Shame as a Weapon

Resolving uncomfortable emotions in addiction recovery

Shame and inadequacy become part of an addict’s personality. It also affects the family members of a dysfunctional family. Recovery means recognising such emotions and resolving them to feel wholesome again.

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Self-esteem in Relationships

There is an intimate relationship between pride, love and self-esteem – anything which affects one will impact the others. We cheer the victors in a contest and hoist them on our shoulders to show our love for them. Whenever we suffer a defeat, with all its potential for losing self-esteem, we experience both inadequacy and shame, making us feel unlovable.  

Everybody knows that we should avoid false flattery – we are vulnerable to those who manipulate us by the shoddy trick of making us feel loved and respected so we will treat them better. What is not as well recognized is that it is just as cruel to manipulate people by unleashing the shame weapon. 

Those who love us, or those to whom we are important, look to us to confirm their self-esteem. Generally, when we are in a good mood, we are happy to make those around us happy. But when we are in a bad mood or have suffered a defeat in the game of life and are in the shadow of a shortcoming we cannot bear to face, it is more difficult for us to make anybody happy. 

At such moments, having just failed, we may doubt our ability ever to succeed again, and we may not be able to raise our self-esteem. The moment of inadequacy and shame has reduced us relative to those around us. In reaction, we tend to last out at others, especially those closest to us and most dependent on us, to reduce their self-esteem so that we do not feel a gulf between them and us.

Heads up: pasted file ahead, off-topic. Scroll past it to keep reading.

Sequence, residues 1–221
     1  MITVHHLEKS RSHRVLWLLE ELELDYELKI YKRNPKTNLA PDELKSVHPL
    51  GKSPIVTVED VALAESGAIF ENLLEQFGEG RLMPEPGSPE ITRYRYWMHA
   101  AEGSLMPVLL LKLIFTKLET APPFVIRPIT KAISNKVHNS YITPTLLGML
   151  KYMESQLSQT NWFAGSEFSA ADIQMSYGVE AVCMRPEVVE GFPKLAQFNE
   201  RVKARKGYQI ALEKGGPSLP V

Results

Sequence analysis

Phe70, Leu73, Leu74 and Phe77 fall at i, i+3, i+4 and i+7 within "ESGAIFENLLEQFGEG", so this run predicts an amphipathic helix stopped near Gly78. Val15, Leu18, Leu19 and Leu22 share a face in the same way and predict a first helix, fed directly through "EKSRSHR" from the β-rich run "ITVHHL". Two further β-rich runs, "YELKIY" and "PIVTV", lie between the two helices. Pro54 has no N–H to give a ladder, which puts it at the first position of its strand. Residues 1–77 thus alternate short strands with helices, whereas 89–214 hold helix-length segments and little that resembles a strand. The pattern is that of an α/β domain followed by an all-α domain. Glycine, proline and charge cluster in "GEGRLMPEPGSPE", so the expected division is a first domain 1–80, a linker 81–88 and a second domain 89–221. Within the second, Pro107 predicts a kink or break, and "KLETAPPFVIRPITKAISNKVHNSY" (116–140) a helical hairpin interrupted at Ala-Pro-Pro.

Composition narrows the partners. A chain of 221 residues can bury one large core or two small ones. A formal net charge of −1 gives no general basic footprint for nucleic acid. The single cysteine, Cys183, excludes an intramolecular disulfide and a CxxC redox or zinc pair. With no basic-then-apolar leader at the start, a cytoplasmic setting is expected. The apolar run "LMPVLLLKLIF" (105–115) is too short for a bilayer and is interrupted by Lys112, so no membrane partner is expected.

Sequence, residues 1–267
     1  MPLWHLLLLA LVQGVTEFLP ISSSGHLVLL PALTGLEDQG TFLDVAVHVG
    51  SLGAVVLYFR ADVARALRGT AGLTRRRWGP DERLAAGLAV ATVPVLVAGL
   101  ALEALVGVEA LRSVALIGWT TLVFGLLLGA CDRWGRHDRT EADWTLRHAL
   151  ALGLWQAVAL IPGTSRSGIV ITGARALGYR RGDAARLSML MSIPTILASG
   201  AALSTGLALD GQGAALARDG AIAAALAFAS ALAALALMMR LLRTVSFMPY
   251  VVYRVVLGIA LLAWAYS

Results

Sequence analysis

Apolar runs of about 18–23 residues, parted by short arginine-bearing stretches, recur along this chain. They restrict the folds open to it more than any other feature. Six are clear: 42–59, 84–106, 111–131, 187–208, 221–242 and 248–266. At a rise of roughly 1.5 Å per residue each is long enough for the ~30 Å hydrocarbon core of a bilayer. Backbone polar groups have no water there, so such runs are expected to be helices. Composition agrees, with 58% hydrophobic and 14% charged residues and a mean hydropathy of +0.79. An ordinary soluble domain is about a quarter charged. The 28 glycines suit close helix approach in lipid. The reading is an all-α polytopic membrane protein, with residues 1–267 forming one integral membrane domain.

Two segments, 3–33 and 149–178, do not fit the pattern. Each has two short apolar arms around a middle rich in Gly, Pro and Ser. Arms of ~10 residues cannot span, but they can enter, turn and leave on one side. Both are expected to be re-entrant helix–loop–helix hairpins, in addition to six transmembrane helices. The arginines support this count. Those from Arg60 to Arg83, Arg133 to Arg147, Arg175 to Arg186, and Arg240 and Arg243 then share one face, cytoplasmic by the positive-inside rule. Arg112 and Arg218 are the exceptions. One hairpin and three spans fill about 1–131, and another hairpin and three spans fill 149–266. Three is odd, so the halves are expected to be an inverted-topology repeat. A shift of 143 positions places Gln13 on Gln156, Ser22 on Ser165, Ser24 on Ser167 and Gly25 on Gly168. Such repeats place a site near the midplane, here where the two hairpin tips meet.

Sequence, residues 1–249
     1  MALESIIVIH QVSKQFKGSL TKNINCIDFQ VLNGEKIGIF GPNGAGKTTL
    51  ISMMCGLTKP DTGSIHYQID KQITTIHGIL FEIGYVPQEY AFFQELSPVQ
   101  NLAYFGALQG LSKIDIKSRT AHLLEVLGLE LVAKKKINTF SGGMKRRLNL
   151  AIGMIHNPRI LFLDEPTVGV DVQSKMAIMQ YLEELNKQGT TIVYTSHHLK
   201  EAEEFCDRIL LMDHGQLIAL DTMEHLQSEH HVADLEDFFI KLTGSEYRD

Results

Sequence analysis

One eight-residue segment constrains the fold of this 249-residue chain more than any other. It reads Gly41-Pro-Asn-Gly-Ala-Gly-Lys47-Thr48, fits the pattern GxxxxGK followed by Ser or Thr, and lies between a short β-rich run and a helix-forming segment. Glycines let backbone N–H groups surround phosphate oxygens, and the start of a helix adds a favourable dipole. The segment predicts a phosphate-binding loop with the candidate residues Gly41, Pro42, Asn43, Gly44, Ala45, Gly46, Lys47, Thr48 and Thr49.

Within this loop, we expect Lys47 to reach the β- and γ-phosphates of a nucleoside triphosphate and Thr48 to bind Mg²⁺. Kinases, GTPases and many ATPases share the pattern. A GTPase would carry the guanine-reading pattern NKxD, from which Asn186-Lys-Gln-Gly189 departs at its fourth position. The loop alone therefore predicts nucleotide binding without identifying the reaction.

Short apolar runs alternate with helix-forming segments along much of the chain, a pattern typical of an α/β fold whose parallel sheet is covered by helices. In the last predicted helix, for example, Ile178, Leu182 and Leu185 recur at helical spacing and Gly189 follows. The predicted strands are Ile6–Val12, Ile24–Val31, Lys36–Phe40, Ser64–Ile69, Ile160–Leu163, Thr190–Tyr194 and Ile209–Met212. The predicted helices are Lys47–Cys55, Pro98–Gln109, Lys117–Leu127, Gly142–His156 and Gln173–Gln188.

In this sense, making somebody miserable gives us a rush of power, which begins to undo our feeling of inadequacy. Unfortunately, we are using shame as a weapon. 

This sort of reaction, especially if it is repeated often, erodes relationships, leading to further feelings of guilt, shame, inadequacy and hurt. It becomes a destructive cycle. 

In arguments, people tend to accuse each other of having done something awful, which produces emotions of guilt and hurt. They brand the other as something terrible, thus creating anger and embarrassment. The accused can usually deny the blame but can only escape the feeling of inadequacy by causing an equal amount of shame in the other. Thus, family arguments typically result in the loser hiding, whether in the privacy of one’s room, by “going home to mother,” or by drowning the uncomfortable emotions in drink, food, drugs, or sex.  

Interviews with adult children of unhealthy families reveal such families have an increased tendency to use embarrassment as the most prominent weapon. Children of abusive parents almost universally shudder when they talk about how their parents shamed them. Frequently they describe the terrible sense of inadequacy and shame which haunted them, for it mainly from our parents that we derive our sense of self.

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The Reawakened Self

It is only through the lessons of a recovery program such as the Twelve Steps that we can learn to face ourselves, deal with the guilt we feel for what we have done to others, and recognize our natural and human inadequacies. The more we study and learn, the more there is to know.  

Sometimes it may seem a painful experience to deal with the reawakened sense of shame and guilt which accompany our journey toward wholeness. A therapist or sponsor is perhaps the best partner in our progress in addiction recovery. 

And we must never lose sight of the guiding principles of our recovery program. Through our association with others, we have gained the strength to recover. This relationship with a group or therapist is essential for true recovery, for we live in the world, not remote and isolated from it.  

In our journey with fellow travellers in addiction recovery, we realize that we are not inadequate compared to others, not that we are superior or inferior, but that we are human.

If you or a loved one is struggling with addiction, call Freephone 0800 140 4044

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